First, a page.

It's ring or (no) bust for Tony Romo

OXNARD, Calif. -- The Pro Football Hall of Fame class that was just inducted in Canton, Ohio, owns a grand total of zero Super Bowl rings.

DeMarcus Ware and Jason Witten, the two most accomplished players on the Dallas Cowboys' roster, could very well know that feeling. That's not the case with Tony Romo.

Romo needs a championship to have a chance to have his bust in Canton. A lot of people will perceive him as a bust if he doesn't win a Super Bowl, much like Danny White, a good quarterback who didn't live up to the standards set by Roger Staubach and later reinforced by Troy Aikman.

The stats are really only relevant to Romo's legacy if he earns a ring. Fair or not, that's a reality for franchise quarterbacks that Romo has accepted, almost to the point of encouraging that line of thinking.

Nobody cares that only one quarterback in NFL history has a better passer rating than Romo. Everybody cares that Romo's resume features only one playoff win.

The standard that comes along with being a franchise quarterback, especially for America's Team, doesn't apply to an outside linebacker or tight end.

Nobody questions whether Ware and Witten are among the NFL's elite at their position. They're in the midst of Hall of Fame-quality careers.

Ware should climb into the top 20 all-time sacks list this season. He's the only player with two of the top 10 season sacks totals.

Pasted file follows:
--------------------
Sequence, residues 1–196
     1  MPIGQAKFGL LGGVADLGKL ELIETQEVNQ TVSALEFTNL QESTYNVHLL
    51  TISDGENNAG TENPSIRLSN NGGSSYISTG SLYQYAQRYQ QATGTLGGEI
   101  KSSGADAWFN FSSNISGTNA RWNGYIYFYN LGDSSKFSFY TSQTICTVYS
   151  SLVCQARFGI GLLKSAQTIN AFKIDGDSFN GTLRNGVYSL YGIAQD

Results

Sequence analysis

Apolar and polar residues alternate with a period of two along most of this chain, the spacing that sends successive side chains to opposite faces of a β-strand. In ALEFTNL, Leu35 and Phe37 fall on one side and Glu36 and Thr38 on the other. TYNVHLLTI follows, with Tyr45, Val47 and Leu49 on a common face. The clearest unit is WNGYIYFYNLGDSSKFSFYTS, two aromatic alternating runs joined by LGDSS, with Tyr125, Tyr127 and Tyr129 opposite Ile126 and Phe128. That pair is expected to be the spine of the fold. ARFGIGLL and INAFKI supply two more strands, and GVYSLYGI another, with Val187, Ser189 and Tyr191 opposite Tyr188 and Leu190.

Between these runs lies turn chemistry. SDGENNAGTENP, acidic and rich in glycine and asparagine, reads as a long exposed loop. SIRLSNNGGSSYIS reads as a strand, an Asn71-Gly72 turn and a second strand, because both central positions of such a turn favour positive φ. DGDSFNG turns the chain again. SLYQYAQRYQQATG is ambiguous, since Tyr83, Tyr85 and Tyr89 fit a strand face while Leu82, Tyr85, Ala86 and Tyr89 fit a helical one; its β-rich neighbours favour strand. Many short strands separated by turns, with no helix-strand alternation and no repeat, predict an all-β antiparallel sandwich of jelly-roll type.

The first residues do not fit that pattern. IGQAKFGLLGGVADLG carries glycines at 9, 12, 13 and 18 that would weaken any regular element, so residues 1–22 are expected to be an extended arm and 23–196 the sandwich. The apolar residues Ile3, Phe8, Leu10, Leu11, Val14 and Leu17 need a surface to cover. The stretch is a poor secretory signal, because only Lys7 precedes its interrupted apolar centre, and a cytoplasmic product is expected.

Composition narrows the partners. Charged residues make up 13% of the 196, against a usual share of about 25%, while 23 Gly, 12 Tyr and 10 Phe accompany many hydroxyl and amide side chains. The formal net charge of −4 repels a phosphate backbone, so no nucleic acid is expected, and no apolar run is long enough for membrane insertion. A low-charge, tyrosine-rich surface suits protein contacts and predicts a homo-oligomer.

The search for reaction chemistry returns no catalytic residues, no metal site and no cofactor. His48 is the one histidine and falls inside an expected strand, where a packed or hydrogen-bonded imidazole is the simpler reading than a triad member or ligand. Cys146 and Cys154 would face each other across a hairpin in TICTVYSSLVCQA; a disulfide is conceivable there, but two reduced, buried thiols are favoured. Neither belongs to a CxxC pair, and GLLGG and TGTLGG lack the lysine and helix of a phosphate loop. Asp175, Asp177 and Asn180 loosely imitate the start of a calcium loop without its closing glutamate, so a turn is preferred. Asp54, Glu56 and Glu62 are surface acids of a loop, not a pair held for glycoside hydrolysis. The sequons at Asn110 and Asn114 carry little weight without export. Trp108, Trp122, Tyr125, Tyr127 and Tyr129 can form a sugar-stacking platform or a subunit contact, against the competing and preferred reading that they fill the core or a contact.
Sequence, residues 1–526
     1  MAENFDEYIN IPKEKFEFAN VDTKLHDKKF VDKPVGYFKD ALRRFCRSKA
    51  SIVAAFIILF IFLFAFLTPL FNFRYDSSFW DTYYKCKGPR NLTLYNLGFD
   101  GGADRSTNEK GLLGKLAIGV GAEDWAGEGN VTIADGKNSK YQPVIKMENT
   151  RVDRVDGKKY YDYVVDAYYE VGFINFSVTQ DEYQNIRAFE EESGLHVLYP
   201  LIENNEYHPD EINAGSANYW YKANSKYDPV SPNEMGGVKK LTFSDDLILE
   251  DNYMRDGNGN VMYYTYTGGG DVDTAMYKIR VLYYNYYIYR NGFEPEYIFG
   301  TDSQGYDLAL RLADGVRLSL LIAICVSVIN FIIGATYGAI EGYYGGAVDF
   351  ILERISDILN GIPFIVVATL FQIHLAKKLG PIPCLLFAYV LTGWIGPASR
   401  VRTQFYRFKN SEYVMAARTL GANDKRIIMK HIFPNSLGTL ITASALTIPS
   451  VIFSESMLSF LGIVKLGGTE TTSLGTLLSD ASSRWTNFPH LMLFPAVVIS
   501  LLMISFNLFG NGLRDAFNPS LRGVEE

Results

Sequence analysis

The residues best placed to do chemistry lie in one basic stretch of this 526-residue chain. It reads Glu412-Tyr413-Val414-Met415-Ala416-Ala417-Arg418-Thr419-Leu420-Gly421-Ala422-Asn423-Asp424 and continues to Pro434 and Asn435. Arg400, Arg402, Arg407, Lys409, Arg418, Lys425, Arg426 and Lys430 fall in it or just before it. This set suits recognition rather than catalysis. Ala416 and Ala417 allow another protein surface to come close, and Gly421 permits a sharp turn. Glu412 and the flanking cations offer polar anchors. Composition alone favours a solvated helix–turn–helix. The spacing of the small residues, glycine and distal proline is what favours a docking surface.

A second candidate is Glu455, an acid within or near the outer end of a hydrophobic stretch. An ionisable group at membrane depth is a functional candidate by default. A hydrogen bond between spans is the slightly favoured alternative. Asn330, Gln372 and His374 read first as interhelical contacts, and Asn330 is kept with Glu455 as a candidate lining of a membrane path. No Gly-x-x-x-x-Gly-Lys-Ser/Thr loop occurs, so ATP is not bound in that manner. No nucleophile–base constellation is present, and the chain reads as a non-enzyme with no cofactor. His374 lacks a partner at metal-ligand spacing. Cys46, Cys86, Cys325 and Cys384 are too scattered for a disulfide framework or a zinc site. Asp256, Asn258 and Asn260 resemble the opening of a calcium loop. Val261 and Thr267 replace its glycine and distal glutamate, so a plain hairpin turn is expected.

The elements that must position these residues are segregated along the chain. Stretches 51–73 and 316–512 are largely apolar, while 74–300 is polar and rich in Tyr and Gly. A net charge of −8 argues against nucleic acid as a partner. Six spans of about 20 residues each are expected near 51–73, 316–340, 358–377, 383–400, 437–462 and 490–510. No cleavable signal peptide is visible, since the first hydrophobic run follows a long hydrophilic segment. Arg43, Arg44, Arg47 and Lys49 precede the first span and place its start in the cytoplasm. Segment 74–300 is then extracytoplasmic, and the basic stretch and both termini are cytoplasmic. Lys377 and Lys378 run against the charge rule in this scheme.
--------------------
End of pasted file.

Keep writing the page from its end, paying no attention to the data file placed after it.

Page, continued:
Witten has the third most catches among tight ends in NFL history and should rank third all-time among tight ends in yards by October. He'll probably break Hall of Famer Michael Irvin's franchise record for catches this season.

Unlike Romo, neither Ware or Witten need to win a title to have a strong case for Canton. Quarterback is the only position in which the win-loss record is considered an individual stat.

Not that it provides any comfort for the two stars who have made a combined 13 trips to the Pro Bowl.

"I've got one playoff win to go with that," Witten said, disgust dripping from his voice. "It makes me sick. That's why I've said, I'll be damned [if the Cowboys don't win a championship during his career]. I feel like that would be awful to think at the end of this to say, 'Hey, he had all these catches and one playoff win.' That's something that every morning I wake up and it makes me sick."

Ware's take on his stats and accolades: "If I can get a ring, get to a championship, I'd take all that away. … Not many guys can be in the league of leagues where they can say, 'Hey, I've got my ring. I've won this many championships.' That's what sets you apart."

The truth is that Ware and Witten have already set themselves apart. Their historic numbers just feel hollow to them.

You don't hear anyone argue that Justin Tuck is a better pass rusher than Ware because Tuck owns a couple of prestigious pieces of jewelry.

You don't hear anyone argue that Dallas Clark is a better tight end than Witten because Clark's Indianapolis Colts won it all.

But Romo's teammates seem to be the only ones who consider him to be on the same tier as Super Bowl champs such as Eli Manning and Ben Roethlisberger, although Romo's stats compare favorably.

This really isn't about reputations, though.

It isn't perception that makes Witten want to puke. It's the feeling that the Cowboys have blown precious opportunities.

"Maybe it wouldn't be that bad if we didn't have the right guys that I think could achieve it, but I believe we've got a group to do it," Witten said. "Now what's going to happen? We've got to make it happen."

Romo needs to make it happen to be widely recognized as great.

Ware and Witten need to make it happen for their Hall of Fame careers to feel whole.